It would be a shame if even one person is able to take into account the information The Sun divulged to help plan his or her crime.

Kenneth Sabel


Bombing scapegoat was really a hero

Media coverage of the death of Richard Jewell has slighted him in death just as it maligned him in life ("Man wrongly linked to Olympic bomb is dead at 44," Aug. 30).

Mr. Jewell was a hero who spotted a suspicious package, evacuated people and was subsequently scapegoated by law enforcement and the media in a rush to indict and convict someone for the bombing.

In fairness and in tribute, the headline should have been, "The hero of the Olympic bombing is dead at 44."

Tom Scott


Fighting terrorists isn't a 'war crime'

The writer of the letter "Greater brutality gets less attention" (Aug. 30) asks why we do not see the same indignation over what she calls "war crimes in Iraq and Afghanistan" as we see over Michael Vick brutalizing animals.

I think I have an answer for the letter writer.

First of all, we are not committing "war crimes" in Iraq and Afghanistan. We are trying to exterminate dreadful terrorists who want to see the demise of the United States.

The animals Mr. Vick brutalized are innocents that never meant to hurt anybody.

The terrorists we are exterminating are ruthless and evil hatemongers who do mean to hurt people and who have perpetrated such crimes against Americans as the 9/11 attacks, the brutal beheadings of innocents and the hanging of American soldiers' dead bodies from bridges.

The letter writer's comparison is appalling and way out of whack.

Damon M. Costantini


ADHD medications let children focus

As the parent of a child with attention-deficit hyperactivity disorder, I must defend the use of medications to treat the disorder ("ADHD drugs: oversold and overused," Opinion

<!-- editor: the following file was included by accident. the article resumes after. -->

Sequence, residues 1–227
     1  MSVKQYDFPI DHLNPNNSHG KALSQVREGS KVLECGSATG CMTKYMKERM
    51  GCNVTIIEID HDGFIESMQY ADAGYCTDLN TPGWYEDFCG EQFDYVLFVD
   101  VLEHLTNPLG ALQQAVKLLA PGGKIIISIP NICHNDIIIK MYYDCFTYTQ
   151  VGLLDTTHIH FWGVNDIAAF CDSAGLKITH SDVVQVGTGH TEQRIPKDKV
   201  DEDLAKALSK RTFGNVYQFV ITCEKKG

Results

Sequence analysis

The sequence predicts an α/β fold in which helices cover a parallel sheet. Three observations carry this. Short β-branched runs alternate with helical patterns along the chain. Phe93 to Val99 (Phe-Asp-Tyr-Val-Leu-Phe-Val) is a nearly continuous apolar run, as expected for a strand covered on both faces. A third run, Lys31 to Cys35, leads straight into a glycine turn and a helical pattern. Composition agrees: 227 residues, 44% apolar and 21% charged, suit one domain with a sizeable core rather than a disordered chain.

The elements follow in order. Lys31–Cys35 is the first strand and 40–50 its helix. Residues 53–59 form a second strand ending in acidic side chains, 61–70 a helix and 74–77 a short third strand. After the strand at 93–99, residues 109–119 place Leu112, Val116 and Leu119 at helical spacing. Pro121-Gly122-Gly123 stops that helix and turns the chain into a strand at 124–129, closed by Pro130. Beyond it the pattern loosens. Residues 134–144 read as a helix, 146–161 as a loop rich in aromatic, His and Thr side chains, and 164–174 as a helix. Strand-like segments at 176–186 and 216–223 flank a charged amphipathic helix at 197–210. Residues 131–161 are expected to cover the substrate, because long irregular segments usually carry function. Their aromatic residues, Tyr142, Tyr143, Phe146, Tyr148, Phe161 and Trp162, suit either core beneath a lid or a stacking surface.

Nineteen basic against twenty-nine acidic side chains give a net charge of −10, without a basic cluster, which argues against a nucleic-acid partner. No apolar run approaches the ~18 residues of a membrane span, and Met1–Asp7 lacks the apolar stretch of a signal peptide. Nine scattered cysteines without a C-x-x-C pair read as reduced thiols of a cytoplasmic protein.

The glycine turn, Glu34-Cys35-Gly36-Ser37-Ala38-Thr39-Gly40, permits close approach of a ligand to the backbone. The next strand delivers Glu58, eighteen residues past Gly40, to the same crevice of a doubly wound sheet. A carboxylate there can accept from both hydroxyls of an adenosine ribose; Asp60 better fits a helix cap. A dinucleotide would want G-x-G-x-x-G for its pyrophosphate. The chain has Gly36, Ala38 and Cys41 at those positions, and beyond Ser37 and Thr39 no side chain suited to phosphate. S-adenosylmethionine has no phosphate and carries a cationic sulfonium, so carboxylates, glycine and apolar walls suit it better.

Commentary, Aug. 23).

My child has been medicated since age 4, and she is now 16.

Without the use of medication, and of course other therapeutic measures, I don't think she would be the child she is today - focused and confident.

Columnist Karin Klein should not be so quick to judge those who choose to medicate their children.

I am confident that most parents who decide to medicate their child are well-informed.

Mary Green


No need for laws on fashion choices

Reading The Sun's article "Banning the Baggy" (Aug. 28) made me think about the purpose of fashion.

Why do people wear certain clothes?

I think they choose clothes to show that they belong to a group of people.

Sometimes people have strange fashions - such as the dusted wigs of the 18th century or the tiny shoes of the ancient Chinese women. I wore a school uniform for six years.

I think it is wrong for public officials to ban certain fashions. And I agree with the executive director of the American Civil Liberties Union who suggested that such rules unfairly pick on certain groups of people.

While some might think that showing underwear is indecent, others view it as a fashion statement.

The only thing constant about fashion is that it is always changing.

We don't need laws to make it change. It will do so on its own.

Lucas Warfield


The writer is entering the sixth grade at Friends School of Baltimore.